[concurrency-interest] How to order the external calls?

Gregg Wonderly gregg at cytetech.com
Wed Nov 17 10:24:50 EST 2010


On 11/17/2010 8:32 AM, nader at aeinehchi.com wrote:
> Suppose you have two methods initialize and terminate.  Both methods call
> some external code that results in some state transition in the external
> component.
>
> Now, I want to ensure that terminate is not called while initialize is
> running, and vice versa.  How can it be achieved effectively.

The ultimate answer depends on a number of factors.  If there is no other use of 
"synchronized" on methods in the class, you could simply put "synchronized" on 
the method declaration.

If, on the other hand, there is already unrelated use of 'synchronized' on 
methods, or synchronized(X) where X is the class name, then you can simply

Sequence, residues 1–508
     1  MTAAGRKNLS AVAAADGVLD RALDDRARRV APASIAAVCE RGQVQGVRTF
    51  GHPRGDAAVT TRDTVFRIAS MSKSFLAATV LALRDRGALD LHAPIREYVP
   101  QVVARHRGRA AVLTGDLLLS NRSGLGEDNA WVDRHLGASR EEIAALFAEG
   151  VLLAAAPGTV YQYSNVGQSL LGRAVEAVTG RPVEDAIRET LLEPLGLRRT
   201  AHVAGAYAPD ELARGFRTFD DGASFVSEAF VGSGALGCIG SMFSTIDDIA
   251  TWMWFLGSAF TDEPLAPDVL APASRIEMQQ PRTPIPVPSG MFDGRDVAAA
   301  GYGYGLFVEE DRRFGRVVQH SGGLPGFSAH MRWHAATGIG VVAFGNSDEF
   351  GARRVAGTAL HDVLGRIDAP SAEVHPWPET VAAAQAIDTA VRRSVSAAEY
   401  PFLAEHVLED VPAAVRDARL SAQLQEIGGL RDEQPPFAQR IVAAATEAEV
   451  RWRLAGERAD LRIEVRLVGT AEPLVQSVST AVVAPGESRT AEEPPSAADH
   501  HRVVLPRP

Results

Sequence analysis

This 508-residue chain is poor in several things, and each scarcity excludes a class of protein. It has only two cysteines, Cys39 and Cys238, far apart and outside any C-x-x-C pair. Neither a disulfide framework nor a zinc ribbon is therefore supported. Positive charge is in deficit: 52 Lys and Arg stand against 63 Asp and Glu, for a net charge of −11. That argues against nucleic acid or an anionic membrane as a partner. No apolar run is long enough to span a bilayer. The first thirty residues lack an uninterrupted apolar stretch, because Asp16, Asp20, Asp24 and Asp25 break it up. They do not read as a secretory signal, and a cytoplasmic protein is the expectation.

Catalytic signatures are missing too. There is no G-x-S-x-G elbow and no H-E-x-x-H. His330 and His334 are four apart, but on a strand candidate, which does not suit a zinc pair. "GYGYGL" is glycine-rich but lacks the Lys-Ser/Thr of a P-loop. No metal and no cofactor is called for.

create another "object" to synchronize on.  What I typically do is.

	Object singleUseLock = new Object();

	public void method1() {
		synchronized( singleUseLock ) {
			unlockedMethod1();
		}
	}

	public void method2() {
		synchronized( singleUseLock ) {
			unlockedMethod2();
		}
	}

	private void unlockedMethod1() {}
	private void unlockedMethod2() {}

But, if you don't want threads to block if someone is already calling one of the 
other methods, then it gets more complicated and you need to put in the use of a 
Lock object and call tryLock() and return when it is appropriate to skip the 
call.  In that case, you might use a boolean return value to say that you did, 
or did not take the appropriate actions.  Doing this kind of thing can make an 
application more fragile from the perspective that you don't always take the 
actions requested.

But, if your application has some pretty explicit control of logic using state 
based transitions or other similar techniques then you can do this kind of thing.

Gregg Wonderly


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